Who doesn’t want firm buttocks and rock hard thighs? That’s the question men everywhere should be asking Reebok after they became the first major shoe manufacturer to bring out their own leg-toning walking shoe, marketed, just like similar shoes before it, only to the ladies. You know the footwear in question--the shoes with the lopsided soles, which force wearers to work a bit harder to walk, toning all the while.
While men should thank Reebok for helping to further tone the gams of the fairer sex, shouldn't we demand equal access in pursuit of a tighter tush?
Ever wish you could play a game that tailors its strategy around your particular playing style? Thanks to a team of game programmers affiliated with the MIT Media Lab, and their project The Restaurant Game, that might be a reality sooner than you think.
Technology has replaced conscious memory in so many aspects of our lives, reminding us of our appointments or alerting us when our oil needs changing. But reminding us to blink? One Japanese company has developed a pair of glasses that does exactly that.
In modern warfare, where missions are sometimes over in minutes, a blind enemy is a defeated enemy. The electromagnetic pulse from a nuclear weapon detonated miles aboveground would zap an army's surveillance equipment, but not without causing heavy collateral damage. Instead, a new Air Force tool will fry electronics using high-power microwaves emitted by an unmanned aerial vehicle (UAV).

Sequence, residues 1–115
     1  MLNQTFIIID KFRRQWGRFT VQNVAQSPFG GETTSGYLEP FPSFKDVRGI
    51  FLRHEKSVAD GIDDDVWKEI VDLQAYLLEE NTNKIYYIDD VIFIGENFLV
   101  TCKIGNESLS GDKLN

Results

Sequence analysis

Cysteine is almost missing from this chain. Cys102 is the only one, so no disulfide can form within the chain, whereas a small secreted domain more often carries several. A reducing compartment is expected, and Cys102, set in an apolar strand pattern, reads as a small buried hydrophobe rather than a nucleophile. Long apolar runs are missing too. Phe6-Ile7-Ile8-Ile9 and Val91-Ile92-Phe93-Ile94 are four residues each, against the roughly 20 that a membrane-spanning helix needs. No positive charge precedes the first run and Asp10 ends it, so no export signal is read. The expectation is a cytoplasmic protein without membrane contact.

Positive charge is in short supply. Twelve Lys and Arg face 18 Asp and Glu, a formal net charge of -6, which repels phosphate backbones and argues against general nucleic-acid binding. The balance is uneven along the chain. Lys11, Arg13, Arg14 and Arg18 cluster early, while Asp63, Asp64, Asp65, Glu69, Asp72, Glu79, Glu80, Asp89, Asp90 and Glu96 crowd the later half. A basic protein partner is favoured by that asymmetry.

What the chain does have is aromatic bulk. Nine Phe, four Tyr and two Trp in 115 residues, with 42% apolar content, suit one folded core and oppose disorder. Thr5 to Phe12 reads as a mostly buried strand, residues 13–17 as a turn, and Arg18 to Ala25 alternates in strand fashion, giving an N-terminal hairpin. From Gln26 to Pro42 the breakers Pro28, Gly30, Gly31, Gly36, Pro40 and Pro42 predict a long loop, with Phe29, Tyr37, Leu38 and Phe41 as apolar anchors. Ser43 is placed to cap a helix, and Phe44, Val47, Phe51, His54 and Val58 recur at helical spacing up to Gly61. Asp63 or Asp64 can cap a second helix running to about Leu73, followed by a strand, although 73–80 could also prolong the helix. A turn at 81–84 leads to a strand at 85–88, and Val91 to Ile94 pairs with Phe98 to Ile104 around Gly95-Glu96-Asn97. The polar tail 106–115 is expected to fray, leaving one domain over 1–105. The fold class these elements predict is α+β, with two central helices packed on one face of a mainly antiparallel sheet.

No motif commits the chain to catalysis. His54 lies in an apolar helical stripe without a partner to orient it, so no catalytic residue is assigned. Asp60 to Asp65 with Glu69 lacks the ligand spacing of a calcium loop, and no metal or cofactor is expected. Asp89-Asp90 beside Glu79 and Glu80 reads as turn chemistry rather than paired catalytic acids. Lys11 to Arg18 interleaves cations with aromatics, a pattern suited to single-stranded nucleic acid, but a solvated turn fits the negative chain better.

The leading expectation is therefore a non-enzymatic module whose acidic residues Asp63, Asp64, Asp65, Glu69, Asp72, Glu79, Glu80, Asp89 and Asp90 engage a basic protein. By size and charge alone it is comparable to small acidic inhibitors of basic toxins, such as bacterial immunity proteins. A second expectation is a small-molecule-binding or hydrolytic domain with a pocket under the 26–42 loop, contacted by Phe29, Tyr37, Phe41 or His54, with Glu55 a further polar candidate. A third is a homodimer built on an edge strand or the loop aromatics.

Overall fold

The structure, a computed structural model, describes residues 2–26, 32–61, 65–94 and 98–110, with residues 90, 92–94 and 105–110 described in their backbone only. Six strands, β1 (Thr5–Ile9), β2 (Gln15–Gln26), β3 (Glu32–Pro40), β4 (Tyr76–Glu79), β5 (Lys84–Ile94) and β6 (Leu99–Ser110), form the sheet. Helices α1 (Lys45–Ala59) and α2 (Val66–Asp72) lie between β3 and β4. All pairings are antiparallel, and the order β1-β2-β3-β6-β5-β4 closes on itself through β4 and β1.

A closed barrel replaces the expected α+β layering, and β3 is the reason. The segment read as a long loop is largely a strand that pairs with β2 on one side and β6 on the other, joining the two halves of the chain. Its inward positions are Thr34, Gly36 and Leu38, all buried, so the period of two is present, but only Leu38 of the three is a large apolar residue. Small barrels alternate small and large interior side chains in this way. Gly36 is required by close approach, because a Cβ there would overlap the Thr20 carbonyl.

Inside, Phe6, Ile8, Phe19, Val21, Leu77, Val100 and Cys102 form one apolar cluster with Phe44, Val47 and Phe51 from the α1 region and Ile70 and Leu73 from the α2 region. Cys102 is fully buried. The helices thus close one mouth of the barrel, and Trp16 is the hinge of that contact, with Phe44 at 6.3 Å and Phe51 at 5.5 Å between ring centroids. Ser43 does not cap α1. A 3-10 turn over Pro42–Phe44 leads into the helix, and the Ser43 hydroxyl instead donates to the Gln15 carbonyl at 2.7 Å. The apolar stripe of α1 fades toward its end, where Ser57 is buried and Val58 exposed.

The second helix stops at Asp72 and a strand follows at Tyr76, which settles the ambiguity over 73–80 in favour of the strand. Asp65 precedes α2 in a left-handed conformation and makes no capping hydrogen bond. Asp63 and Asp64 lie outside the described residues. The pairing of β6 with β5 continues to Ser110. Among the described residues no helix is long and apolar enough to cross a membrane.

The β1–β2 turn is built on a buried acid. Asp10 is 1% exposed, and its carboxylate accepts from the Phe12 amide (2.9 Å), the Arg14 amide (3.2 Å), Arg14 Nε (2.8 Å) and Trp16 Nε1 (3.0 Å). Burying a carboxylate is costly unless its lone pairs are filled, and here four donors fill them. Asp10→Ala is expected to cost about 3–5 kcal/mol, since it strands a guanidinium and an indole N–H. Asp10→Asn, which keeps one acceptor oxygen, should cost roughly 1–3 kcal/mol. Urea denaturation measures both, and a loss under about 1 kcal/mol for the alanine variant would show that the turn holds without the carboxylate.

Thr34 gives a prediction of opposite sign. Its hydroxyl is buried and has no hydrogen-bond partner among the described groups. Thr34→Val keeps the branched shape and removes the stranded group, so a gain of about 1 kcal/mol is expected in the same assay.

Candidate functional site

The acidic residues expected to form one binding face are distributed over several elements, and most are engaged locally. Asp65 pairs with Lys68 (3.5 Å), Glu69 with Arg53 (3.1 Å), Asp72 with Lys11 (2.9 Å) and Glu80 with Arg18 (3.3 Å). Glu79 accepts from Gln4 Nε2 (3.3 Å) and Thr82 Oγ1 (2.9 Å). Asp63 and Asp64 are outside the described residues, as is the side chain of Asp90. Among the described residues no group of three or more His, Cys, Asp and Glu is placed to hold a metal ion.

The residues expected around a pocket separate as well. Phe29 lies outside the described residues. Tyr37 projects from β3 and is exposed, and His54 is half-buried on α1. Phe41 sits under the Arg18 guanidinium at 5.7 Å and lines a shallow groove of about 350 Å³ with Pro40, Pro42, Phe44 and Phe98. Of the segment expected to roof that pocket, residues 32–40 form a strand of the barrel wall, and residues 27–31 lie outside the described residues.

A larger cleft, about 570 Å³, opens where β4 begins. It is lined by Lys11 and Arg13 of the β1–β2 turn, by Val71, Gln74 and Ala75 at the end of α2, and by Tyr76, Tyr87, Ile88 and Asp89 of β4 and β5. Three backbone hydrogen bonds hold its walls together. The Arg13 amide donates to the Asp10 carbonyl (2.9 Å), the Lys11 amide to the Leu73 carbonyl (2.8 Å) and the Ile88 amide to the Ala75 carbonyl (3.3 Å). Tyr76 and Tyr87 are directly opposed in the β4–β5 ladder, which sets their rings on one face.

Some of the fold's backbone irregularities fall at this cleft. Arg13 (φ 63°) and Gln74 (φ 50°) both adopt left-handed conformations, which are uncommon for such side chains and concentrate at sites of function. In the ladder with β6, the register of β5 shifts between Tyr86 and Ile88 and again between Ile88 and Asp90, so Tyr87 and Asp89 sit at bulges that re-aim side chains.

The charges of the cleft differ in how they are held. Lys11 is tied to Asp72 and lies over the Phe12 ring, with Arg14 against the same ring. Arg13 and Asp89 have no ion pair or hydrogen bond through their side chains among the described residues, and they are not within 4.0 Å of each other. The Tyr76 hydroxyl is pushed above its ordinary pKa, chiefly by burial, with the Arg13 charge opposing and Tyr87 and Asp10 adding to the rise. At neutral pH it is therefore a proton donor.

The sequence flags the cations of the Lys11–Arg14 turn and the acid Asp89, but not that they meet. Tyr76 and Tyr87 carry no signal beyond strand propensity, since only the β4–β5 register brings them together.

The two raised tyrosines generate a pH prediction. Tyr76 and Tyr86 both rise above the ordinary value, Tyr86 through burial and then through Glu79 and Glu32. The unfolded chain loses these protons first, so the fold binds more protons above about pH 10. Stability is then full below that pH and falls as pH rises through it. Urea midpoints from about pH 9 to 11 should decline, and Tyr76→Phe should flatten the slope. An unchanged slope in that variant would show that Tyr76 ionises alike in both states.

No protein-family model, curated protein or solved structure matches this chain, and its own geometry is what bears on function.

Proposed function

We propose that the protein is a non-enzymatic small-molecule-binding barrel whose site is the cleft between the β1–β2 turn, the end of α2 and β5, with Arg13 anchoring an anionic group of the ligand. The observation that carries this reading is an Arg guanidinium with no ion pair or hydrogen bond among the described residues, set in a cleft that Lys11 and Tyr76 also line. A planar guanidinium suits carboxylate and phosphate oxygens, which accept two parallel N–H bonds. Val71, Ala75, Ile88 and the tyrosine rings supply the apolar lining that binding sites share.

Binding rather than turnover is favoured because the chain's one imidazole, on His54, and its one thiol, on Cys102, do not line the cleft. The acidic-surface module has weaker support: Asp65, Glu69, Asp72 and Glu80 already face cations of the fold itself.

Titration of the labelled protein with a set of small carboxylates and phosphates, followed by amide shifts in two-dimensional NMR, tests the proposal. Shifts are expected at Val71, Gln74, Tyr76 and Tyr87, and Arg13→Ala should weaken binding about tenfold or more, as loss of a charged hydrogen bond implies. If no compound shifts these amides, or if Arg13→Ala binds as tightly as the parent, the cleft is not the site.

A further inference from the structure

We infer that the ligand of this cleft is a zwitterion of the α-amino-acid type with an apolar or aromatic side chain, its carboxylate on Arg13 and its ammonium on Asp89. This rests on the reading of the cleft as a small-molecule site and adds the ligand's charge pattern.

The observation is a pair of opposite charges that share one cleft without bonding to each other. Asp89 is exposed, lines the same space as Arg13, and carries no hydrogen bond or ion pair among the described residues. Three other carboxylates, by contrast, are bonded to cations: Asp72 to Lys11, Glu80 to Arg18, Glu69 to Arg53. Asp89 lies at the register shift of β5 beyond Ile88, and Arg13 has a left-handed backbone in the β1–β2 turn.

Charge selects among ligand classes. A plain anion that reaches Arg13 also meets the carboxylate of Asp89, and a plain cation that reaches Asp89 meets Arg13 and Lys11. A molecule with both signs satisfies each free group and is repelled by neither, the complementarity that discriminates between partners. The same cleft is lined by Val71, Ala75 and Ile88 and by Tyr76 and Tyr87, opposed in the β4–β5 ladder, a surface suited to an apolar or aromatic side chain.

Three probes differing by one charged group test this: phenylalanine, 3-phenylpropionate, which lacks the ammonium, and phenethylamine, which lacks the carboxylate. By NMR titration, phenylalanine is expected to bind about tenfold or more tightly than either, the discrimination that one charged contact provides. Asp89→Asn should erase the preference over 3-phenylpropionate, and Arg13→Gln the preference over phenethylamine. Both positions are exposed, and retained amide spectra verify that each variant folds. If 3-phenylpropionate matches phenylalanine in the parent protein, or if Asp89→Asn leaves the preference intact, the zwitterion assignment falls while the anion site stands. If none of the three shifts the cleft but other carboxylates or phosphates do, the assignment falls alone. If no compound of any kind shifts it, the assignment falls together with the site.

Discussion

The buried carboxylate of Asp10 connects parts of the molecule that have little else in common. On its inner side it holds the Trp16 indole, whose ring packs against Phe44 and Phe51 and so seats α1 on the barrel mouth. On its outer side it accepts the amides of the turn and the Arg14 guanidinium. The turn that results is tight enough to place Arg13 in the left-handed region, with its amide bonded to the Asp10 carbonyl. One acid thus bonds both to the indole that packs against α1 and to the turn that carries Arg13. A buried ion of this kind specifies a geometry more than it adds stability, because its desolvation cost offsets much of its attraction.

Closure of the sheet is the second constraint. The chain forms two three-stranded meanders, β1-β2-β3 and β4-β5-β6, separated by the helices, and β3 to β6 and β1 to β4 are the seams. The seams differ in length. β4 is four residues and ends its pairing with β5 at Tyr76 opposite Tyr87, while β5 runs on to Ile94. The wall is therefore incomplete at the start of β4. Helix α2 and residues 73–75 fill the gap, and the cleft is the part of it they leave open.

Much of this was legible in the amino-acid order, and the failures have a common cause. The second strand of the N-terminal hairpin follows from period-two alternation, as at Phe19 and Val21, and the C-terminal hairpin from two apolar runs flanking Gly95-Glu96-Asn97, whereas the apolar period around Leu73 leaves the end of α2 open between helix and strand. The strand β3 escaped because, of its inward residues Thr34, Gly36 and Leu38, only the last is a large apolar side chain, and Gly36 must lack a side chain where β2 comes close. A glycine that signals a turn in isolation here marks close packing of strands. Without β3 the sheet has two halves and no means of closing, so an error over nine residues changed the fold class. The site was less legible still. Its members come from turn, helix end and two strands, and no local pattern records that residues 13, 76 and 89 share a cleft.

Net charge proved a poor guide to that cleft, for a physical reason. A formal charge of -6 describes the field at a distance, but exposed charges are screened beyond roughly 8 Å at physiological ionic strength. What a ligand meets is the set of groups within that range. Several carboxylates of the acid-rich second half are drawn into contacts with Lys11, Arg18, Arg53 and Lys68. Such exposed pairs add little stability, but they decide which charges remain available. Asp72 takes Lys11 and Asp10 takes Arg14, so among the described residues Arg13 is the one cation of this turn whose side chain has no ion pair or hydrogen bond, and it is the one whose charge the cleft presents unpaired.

The Jetlev-Flyer propels itself using a torrent of water
By Rena Marie PacellaPosted 07.30.2009 at 10:58 am 38 Comments
When Raymond Li decided to build a jetpack propelled by water instead of rocket fuel, most of his friends thought he had gone crazy. Worse, engineers told him it would be impossible to manage the water’s mass and thrust to keep it stable in the air.
It takes a village to raise a robot. At least, that's the belief of the creators of iCub, a humanoid robot the size of a 3-1/2-year-old child, who are making its development entirely open-domain.
The iCub is the brainchild of a group of European universities led by the Italian Institute of Technology (IIT) in Genoa, who have been charged by the European Commission to develop a functioning humanoid child. They developed a 2-1/2-foot-tall, 70-pound robot child with 53 mechanical joints that allow it to move its head, neck, arms, fingers, eyes and legs. It can also feel with its fingertips, grip with its hands, and listen.